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The Role of the Psychology of Color in Ad Creative

, | November 29, 2022 | By

Picture your favorite room or favorite outfit. Odds are good that one of the first attributes you envisioned was color. Color plays a major role in our mood and in our motivation to buy new products. Color psychology extends well beyond the domain of fashionistas and interior designers. It’s critical to the visibility of your products too. Intelligent ad creative must be mindful of the role of color and use color cues to set the mood and send important messages.

Do it well, and watch color psychology improve your bottom line. According to research, 85 percent of consumers say color is a primary motivator when deciding what to buy, and color informs up to 90 percent of impulse buys.

That’s a lot of power for something that marketers so often take for granted in their ad creative. Here’s what you need to know as you weigh the power of color selection and the messages it sends. 

Getting Color Right in Ad Creative

Color, like any other attribute, has many different meanings to many different people. One of the most common errors marketers make is assuming that the same color always means the same thing. Green, for example, can represent serenity and nature. Or it can represent greed and jealousy. Color is highly personal and context-specific. Consider how loud, bright colors might feel obnoxious or even painful to someone experiencing a migraine or how trauma survivors might develop associations with specific colors. 

This is why it’s so important to deliver a personalized experience and gather actionable data about your customer base via rigorous experimentation. There are no universal color truths—only subjective realities based on what your customers tell you. What works for someone else won’t necessarily work for your customers because your customers are unique. Treating them as such is critical to the success of any ad creative. 

Some General Psychology of Color Principles

As you build your ads, consider how you might use color. A combination of predictable uses, such as using red to highlight a sale and create urgency, and more innovative techniques, such as building brand-specific color associations, can help you get the most out of the project. 

Here are some general color psychology principles that can help guide the creative process: 

  • Red

Red is classically an exciting color. Some research suggests that seeing red increases heart rate and pulse, triggering both anxiety and a thrill. If you want to create a pleasurable dopamine rush, red is an important ingredient in the recipe. And, of course, it’s the perennial favorite for drawing attention to a sale or other time-sensitive event. Use red to create a sense of urgency and encourage consumers to act now.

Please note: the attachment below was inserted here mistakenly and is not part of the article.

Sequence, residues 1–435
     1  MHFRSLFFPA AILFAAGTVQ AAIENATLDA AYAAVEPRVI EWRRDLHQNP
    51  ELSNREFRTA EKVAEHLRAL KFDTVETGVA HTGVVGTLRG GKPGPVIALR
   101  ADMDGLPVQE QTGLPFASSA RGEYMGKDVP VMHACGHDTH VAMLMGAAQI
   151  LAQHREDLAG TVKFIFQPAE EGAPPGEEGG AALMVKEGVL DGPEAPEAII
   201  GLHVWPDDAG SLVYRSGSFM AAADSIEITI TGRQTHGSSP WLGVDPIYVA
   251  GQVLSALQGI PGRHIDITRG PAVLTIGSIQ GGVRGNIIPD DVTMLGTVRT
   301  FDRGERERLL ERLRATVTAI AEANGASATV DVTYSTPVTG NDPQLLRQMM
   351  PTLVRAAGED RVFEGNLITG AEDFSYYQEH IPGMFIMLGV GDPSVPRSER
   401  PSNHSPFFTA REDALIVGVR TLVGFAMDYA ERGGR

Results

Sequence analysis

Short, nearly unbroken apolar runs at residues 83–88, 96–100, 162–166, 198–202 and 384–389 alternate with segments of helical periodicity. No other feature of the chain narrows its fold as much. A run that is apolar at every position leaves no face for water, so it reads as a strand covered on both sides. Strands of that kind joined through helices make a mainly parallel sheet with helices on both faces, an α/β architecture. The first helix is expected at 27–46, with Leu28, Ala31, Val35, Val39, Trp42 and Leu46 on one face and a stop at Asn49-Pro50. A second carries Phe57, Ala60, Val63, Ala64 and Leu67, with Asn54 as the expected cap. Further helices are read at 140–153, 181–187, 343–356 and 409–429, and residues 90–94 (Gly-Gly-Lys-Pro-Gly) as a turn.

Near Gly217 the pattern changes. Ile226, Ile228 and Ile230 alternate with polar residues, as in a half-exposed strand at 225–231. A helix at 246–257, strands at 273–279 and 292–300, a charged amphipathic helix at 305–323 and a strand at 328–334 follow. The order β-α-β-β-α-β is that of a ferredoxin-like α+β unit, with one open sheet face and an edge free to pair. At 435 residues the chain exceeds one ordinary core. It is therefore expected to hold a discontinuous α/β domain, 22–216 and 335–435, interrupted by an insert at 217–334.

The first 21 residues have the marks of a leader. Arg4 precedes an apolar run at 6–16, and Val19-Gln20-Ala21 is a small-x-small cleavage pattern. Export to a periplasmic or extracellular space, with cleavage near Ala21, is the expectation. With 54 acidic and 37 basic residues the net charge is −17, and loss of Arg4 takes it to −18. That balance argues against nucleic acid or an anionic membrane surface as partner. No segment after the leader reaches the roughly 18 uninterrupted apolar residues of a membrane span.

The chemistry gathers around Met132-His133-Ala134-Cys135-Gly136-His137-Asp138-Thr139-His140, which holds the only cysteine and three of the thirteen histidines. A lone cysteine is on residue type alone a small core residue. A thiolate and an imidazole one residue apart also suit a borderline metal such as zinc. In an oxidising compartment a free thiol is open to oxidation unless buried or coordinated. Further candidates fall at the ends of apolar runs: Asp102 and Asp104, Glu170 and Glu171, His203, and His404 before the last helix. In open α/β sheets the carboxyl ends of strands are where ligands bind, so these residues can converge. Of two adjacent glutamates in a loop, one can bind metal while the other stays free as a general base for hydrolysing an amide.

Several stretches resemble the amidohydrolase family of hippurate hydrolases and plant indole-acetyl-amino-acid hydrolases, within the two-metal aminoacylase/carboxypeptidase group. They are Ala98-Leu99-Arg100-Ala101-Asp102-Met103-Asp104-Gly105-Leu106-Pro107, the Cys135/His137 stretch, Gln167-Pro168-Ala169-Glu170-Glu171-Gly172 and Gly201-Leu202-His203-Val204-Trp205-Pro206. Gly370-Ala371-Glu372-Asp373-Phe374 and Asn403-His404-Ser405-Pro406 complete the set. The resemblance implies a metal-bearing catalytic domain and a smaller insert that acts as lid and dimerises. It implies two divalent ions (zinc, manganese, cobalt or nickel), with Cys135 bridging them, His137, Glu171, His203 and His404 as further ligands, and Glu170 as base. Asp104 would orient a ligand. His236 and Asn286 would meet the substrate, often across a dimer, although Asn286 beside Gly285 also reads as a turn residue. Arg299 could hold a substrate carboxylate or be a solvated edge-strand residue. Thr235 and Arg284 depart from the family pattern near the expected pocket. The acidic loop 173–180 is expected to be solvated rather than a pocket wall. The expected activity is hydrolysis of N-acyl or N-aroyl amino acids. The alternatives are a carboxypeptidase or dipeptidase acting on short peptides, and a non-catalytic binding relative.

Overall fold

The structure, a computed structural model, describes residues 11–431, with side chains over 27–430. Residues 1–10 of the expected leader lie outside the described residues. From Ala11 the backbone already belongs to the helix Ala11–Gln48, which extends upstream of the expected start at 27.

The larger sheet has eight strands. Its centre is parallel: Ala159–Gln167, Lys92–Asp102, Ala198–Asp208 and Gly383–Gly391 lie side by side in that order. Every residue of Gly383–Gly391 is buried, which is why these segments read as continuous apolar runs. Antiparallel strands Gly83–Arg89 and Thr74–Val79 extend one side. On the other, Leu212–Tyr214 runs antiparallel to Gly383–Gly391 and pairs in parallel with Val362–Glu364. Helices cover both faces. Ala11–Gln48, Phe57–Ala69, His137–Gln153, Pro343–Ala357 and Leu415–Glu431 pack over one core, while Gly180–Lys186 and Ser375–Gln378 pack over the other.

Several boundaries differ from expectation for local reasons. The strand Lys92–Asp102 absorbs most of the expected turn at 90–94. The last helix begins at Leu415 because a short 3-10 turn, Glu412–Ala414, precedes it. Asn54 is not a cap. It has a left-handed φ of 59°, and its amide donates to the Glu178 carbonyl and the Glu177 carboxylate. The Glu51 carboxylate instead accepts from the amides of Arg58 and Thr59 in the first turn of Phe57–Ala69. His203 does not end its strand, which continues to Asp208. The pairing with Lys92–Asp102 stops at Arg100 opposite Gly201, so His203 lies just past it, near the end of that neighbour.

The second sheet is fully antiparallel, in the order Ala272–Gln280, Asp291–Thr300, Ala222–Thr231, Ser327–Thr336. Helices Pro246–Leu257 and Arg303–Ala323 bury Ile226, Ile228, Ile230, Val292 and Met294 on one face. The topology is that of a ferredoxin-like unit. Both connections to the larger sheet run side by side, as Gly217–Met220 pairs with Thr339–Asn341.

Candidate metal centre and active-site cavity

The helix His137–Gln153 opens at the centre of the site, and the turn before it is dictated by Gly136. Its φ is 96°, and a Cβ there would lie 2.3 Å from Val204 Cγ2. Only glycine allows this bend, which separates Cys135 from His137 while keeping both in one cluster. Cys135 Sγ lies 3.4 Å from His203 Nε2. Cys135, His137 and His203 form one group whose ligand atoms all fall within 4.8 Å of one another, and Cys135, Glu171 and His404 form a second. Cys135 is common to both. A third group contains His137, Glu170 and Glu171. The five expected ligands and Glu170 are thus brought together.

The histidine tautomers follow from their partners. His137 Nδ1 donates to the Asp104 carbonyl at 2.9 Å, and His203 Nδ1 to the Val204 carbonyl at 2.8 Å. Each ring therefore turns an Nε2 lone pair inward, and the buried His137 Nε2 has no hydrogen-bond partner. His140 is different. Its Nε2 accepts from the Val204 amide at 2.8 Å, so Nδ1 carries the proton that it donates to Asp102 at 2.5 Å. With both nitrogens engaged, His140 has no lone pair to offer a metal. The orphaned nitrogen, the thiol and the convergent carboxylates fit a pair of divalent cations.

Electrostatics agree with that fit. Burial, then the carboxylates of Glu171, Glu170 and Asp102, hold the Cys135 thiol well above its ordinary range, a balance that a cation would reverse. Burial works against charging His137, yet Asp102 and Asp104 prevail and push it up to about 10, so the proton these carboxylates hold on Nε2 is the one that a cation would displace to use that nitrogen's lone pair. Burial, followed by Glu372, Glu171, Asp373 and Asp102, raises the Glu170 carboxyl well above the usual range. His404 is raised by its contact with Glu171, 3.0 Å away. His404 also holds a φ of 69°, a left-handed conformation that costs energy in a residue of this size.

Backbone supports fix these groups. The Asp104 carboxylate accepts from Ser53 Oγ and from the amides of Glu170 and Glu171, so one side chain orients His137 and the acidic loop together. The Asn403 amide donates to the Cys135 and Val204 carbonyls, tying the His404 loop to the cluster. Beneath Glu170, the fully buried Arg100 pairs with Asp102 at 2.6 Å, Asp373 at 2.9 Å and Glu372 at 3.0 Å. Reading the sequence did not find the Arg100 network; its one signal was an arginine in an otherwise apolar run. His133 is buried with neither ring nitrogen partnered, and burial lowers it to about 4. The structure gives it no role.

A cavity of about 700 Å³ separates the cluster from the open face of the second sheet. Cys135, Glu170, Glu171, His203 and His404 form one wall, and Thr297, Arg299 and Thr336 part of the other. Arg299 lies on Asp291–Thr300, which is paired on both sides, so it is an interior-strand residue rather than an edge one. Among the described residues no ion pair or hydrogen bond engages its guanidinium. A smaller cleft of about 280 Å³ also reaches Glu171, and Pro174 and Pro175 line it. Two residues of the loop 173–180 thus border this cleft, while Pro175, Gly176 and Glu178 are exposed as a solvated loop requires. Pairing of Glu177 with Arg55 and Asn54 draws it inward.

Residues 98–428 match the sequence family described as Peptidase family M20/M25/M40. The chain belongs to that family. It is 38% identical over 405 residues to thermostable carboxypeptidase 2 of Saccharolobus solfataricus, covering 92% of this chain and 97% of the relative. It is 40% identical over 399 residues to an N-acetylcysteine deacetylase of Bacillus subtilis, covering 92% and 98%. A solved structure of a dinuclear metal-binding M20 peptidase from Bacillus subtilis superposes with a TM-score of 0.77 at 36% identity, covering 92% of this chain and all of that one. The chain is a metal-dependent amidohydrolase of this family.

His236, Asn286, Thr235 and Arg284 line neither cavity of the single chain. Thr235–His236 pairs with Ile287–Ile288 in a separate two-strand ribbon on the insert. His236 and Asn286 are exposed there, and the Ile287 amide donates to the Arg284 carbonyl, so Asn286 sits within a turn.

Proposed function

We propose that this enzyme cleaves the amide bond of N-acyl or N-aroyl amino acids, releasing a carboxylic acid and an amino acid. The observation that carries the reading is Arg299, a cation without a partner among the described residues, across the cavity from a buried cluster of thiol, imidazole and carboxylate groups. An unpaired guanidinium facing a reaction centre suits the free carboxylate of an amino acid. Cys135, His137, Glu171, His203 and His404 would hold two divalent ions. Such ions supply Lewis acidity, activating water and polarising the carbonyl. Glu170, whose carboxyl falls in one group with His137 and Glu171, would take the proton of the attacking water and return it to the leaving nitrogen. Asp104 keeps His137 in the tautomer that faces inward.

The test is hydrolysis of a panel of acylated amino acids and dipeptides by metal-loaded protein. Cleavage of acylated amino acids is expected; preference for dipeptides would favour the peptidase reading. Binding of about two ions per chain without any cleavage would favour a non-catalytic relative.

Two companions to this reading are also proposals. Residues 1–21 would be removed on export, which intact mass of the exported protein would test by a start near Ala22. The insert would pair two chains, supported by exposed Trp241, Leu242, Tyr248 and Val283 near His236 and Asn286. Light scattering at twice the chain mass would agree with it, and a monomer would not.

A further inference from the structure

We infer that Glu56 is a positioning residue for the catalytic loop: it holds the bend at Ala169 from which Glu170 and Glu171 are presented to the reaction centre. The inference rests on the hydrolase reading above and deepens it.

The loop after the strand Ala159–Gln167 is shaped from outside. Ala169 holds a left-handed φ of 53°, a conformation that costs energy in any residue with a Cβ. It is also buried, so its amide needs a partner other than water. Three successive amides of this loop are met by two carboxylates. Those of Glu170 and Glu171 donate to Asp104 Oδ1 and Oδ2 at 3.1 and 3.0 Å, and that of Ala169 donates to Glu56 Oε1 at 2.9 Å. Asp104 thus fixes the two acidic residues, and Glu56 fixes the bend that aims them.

• Blue

Want to create feelings of serenity and calm? Blue’s your color. It’s a great option for presenting your product as an antidote to stress and anxiety. It’s also increasingly popular among some of the biggest name brands—so popular, in fact, that blue is becoming something of a neutral in the world of advertising. So if you want to present an inoffensive message, it’s a great option. But if innovation is the ticket, you may want to try something a little different. 

  • Green

Green, like blue, can trigger feelings of calm and tranquility. But it’s a bit less overused than blue, so if you crave soothing imagery but want a bit of creative edge, green is a good bet. Green also signals concern for the environment and is a great way to ally your brand with nature, renewable resources, and animal welfare. 

Green can be a bit of a double-edged sword. That’s because it’s also associated with money, wealth, and yes, greed. Overuse it, and you might convey the wrong message. And don’t forget about that green-eyed monster. In the wrong context, green can trigger negative envious emotions that leave buyers feeling unsettled. 

  • Purple

The color of royalty for generations, purple unconsciously signals feelings of grandiosity, respect, and wisdom. This makes it a popular choice for beauty products, political advertisements, and products and services where discussions of wealth are key, such as wealth management firms. 

Be mindful of how consumers respond to purple in your ads, then adjust accordingly. 

  • Orange and Yellow

If you want to signal youth, joy, optimism, and energy, then these citrusy hues are a great bet. Retailers selling toys and games often rely heavily on these colors. They can also be a good choice for nonprofits, tech startups, and anyone trying to generate feelings of innovation and excitement. 

  • Black and Gray 

At first blush, these neutral hues may not seem exciting, but they can actually be incredibly enticing. Stark contrast attracts the eye and can be visually clean and appealing. Neutrals can help you avoid sending the wrong message, which is especially important if you’re not yet sure which ad copy works best for how consumers might respond to your marketing campaign. 

Data, Color Psychology, and Getting Your Ad Campaign Right

Color psychology can spruce up your next ad campaign, drawing new eyes to your copy. But how do you know it’s working? And how do you avoid sending the wrong message? It’s all about the right data coupled with continuous testing. And that’s exactly what RevJet delivers to each of our clients. We empower you to experiment and learn from each test, so you can get better each time. 

Want to learn more about testing your ads? Eager to try out some color psychology and see what results you might get? Download our white paper, Beyond Basic Ad Testing, to learn more about putting the right data to work for your next ad campaign. 

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